As people finish, invite them to spend some time reading one another’s memories of the year.



Scripture: Romans 8:1–3

Collect all the sheets of paper from the months of the last year and make a stack of them on the table. Light a candle. Place it in the center of the table surrounded by a loaf of bread, a pitcher of grape juice, a bowl of water, towels, a bowl containing fragrant oil, and a Bible.

Bring the group together, asking people to sit in a circle around the table.

Distribute the 14 papers with the months and memories written on them, and explain that people will fold these papers during the liturgy that follows. Lead the group by reading aloud the liturgy below and inviting people to participate as indicated:


       This is the year that was.
       We have enjoyed it.
       We have endured it.
       We have lived it.
       These events have been our life for the last twelve months.
       We cannot live in the past;
              but we cannot—we may not—forget the past.
       We must remember the past
              and take the past with us into the future.

       We fold these records the first time,
              and we thank God the Father for being with us in 2017.
              (Invite group members to fold the papers in half.)
       We fold these records a second time,
              and we thank God the Son for being with us at this moment.
              (Invite group members to fold the papers in half again.)
       We fold these records a third time,
              and we thank God the Spirit for promising to remain with us.
              (Invite group members to fold the papers in half a third time.)

       Now we pack up our provisions for the future.
       We take the past with us to learn from it and to grow from it.
              (Invite group members to pass the folded papers around the circle.)
       We take with us the light of Christ.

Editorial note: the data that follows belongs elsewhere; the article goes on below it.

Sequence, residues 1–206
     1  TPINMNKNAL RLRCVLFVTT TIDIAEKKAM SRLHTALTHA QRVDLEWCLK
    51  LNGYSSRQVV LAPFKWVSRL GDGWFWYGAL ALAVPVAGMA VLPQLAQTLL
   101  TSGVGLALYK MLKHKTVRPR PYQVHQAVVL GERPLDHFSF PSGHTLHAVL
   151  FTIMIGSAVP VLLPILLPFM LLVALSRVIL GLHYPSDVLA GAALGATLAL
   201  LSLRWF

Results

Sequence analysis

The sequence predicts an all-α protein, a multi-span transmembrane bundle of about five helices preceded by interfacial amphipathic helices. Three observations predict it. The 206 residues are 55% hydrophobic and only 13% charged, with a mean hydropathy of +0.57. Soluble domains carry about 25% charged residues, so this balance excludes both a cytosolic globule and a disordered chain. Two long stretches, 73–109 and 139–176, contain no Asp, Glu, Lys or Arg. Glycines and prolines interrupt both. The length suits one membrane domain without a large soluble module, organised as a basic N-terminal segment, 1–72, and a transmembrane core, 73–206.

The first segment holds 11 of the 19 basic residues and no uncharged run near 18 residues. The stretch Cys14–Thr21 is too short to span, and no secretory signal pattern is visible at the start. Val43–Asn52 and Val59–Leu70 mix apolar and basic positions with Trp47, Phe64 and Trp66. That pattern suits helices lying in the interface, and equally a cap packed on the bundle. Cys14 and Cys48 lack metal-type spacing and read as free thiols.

(Encourage group members to pass the candle around the circle.)
       We also take with us the provisions that Christ gave us for the journey.
              (Pass the bread and grape juice around the circle.)

       As we move into the new year, we will each splash our faces with water
              as a symbol that God washes us clean
              so that we begin each day and each year anew.

       We will wash our own faces
              as a symbol of the decision we make as individuals to enter into a new year.
              (Invite people to splash their faces with water from the bowl on the table.)

       We will have our faces dried by another person
              as a symbol that we cannot make it on our own
              and that we need one another in the community of faith.
              (Invite each person to use a towel to dry the face of another person.)

       We will receive a sign of God’s blessing.
              (Invite each person to dip an index finger in the oil and to make the sign of the cross on another person’s forehead.)


       The year 2017 is finished.

       We carry the year with us—both the good and the bad—into the new year.

        God, teach us from the events of this past year how to follow you
              and how to be the people that you are calling us to be.

              (Invite group members to stand up; to pick up the bread, the juice, the water, the Bible, the candle, the oil, and the papers with the months and the memories written on them; and to go for a silent walk around the room and then outside. Continue the liturgy when everyone is outside.)


        This is God’s word for us:
       “There is therefore now no condemnation for those who are in Christ Jesus. For the law of the Spirit of life in Christ Jesus has set you free from the law of sin and of death. For God has done what the law, weakened by the flesh, could not do: by sending his own Son in the likeness of sinful flesh, and to deal with sin, he condemned sin in the flesh” (Romans 8:1–3, NRSV).

       We enter this new year as free and forgiven people.
       We remember our past, but we are not condemned by it.
       This is a new year, and we are able to enter it as new people.
       This new year is a blank screen we can fill.

       God, as we go into this new year.
              remind us that whatever comes in the new year,
              you have called us to be your people. Amen.

—from devozine In the Habit (January/February 2014). Copyright © 2013 by The Upper Room®. All rights reserved.